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Board index » All Posts (DavidPackard)




Re: BigKev
#1
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DavidPackard
I do apologize . . . my ’54 was off-site, and I couldn’t photograph until today. Seems like you’ve completed the driver’s side already, so this is pretty much academic at this point.
With respect to the door weather strip ‘flap’, I believe you’re correct in placing the rubber ‘on top’ of the screw. Based on your photo in post #2467 versus my attached photo, along with Jerome’s, the OEM seal may have started with a slightly different cross section in that area, but then again I’m looking at a seal that has had a good number of years of ‘forming’ pressure.

Attach file:



jpg  WeatherSeal002.jpg (434.38 KB)
34287_6174969517d3a.jpg 3024X4032 px

Posted on: Yesterday 18:11
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Re: 51 Packard 250 Headlights are dim
#2
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DavidPackard
51Pack;

I would also start with ensuring the head light grounds are in good shape as HH56 mentioned, and then a quick check of the system voltage at the battery posts as Ross suggested . . . finally measuring the voltage at the terminal block would be worthwhile. If anything looks ‘crusty’ then disassemble, clean, and re-assemble . . . ultimately the terminals must be electrically clean, which starts with being physically clean.

While not plagued with ‘dull’ head lights, I did wire my ’48 headlights with a system quite similar to the circuit HH56 posted. The only exception was the use of two circuit breakers, with separated feeds to the #30 pole of the relays. The original problem was degradation of the headlight switch circuit breaker which resulted in me driving down the road with the lights coming on, followed by the lights going off, and then coming back on again . . . not good driving at night with no headlights. The OEM breaker was replaced prior to building the relay system, but I must admit I changed the toe switch, as Tim Cole suggested for good measure. Since I didn’t want to install another system that had the same single point of failure as the OEM circuit, my modification was to ‘double-up’ on the circuit breakers. If something runs amiss my bet is it won’t happen to both circuits at the same time, and I can ‘limp’ home . . . with some amount of lighting.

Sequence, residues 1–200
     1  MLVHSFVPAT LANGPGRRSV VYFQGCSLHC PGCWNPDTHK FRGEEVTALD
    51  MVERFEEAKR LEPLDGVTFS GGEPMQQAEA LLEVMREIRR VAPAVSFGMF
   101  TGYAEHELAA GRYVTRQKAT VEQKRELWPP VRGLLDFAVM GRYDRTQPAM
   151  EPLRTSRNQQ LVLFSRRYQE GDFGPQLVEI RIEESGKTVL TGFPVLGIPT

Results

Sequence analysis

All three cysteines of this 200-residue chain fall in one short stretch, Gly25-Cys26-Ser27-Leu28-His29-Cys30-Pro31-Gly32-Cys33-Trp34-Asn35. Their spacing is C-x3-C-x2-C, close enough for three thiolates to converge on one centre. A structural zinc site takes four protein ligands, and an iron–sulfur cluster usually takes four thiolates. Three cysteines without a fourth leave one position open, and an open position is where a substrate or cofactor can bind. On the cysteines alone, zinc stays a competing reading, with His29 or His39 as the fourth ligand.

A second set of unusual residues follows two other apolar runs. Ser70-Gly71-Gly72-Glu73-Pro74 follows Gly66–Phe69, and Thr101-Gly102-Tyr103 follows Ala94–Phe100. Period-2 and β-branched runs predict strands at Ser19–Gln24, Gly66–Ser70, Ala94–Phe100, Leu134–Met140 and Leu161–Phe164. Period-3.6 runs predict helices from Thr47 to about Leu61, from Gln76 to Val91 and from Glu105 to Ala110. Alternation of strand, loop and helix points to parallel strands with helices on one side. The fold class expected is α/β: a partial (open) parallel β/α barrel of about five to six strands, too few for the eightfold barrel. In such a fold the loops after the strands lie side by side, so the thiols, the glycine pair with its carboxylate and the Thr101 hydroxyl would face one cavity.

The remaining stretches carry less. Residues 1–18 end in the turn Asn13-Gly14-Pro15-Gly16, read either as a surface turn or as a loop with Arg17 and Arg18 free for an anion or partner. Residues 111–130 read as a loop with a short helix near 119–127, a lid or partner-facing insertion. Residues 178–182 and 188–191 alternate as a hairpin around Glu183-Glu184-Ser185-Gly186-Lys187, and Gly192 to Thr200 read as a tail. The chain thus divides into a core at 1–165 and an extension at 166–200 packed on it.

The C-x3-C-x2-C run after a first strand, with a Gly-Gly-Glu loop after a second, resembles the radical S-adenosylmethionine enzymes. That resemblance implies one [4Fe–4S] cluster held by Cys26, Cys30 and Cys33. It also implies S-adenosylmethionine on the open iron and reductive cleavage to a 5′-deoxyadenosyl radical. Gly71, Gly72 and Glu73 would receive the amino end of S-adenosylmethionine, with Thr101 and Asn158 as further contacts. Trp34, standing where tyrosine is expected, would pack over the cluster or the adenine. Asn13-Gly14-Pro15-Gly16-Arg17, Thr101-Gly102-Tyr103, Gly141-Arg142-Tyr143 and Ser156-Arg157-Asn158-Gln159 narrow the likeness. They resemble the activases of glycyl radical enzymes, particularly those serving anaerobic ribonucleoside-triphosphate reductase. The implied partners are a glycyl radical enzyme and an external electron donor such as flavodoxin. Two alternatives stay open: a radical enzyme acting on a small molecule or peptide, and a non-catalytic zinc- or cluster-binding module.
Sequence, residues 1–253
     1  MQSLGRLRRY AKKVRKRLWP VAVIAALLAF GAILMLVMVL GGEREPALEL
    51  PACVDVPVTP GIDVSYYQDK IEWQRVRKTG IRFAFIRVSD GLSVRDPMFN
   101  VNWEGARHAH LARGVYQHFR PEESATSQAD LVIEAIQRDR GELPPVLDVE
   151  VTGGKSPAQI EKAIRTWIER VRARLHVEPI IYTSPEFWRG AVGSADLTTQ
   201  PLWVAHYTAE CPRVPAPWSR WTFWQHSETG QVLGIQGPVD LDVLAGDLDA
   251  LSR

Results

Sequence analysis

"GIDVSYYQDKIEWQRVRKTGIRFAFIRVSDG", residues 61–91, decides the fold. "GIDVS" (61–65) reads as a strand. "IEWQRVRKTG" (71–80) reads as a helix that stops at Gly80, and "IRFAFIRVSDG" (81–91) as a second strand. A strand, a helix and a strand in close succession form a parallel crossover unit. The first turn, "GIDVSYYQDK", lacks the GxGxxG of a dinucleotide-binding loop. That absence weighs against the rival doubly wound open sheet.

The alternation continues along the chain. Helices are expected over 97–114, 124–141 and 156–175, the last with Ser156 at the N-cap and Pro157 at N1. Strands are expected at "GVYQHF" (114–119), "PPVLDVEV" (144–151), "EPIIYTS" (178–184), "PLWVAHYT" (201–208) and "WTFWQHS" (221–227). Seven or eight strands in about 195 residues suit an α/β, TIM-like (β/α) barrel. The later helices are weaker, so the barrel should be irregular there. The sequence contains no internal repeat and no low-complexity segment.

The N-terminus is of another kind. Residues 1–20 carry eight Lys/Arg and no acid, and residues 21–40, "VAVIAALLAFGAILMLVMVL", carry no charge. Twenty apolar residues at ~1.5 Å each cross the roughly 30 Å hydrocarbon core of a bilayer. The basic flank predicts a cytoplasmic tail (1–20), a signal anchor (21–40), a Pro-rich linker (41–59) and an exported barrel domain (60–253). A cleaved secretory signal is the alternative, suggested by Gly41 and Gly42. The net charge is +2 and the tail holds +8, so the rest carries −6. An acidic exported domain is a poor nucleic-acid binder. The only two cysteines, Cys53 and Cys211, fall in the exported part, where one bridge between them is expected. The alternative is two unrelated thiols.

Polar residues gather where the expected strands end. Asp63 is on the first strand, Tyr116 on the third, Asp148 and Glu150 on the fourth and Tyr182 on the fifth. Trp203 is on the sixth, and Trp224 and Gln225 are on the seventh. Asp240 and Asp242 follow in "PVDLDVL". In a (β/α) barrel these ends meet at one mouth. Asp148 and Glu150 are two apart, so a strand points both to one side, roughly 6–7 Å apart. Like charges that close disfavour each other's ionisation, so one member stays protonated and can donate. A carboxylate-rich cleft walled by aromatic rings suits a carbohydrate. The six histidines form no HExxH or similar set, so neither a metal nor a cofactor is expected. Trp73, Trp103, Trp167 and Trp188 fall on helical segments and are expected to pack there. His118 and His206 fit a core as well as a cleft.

The circuit breakers are 30A, which is just about twice the current needed for the head lights (that’s quite normal for the circuit breaker to be twice the running load). The OEM breaker is mounted under the dash, and is therefore subject to temperature pretty much the same as the driver & passengers. The new under hood circuit breakers are subject to temperatures quite a bit higher. There will be a degradation of the ’trip current’ at the higher thermal environment, so the 30A rating might not be absolutely correct at the higher temperatures, and if the components are operating at typical thermostat settings the maximum current rating could be 50% of the rated value. Just be mindful of where the relays are mounted if you decide to install relays. Mine are located on the inner fender, just about the same location that HH56 selected. In my ’48 they’re mounted above the battery where the OEM wiring harness is routed . . . . that would be just aft of the OEM terminal strip, which also minimizes the total length of wire.

The attached file has further explanation.

By the way Halogen lights come in several different wattages, with some matching the OEM load rating (that’s a good thing). If the lights you installed have a larger wattage rating than the original head lights, then I would recommend a relay system . . . before the OEM light switch lets you down.

dp

Attach file:


pdf HeadLightRelay002.pdf Size: 102.43 KB; Hits: 3

Posted on: 10/5 22:31
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Re: 1940 Turn Signal Wiring Diagram
#3
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DavidPackard
I forgot to add a sentence about front parking lights . . . if the car never had turn signals from the factory the front lights are not likely dual filament, therefore they need to be managed much like the stop lights. That is the turn signal shares a single filament with another function. Gar your wire count might be as high as 8 to cover the front bulbs. If we call the parking input power as circuit 8, then 8 & 4, and 8 & 5 will be common with the signal switch centered. With the switch in the right turn position then 2 & 4 are common, and 8 & 5 remain common.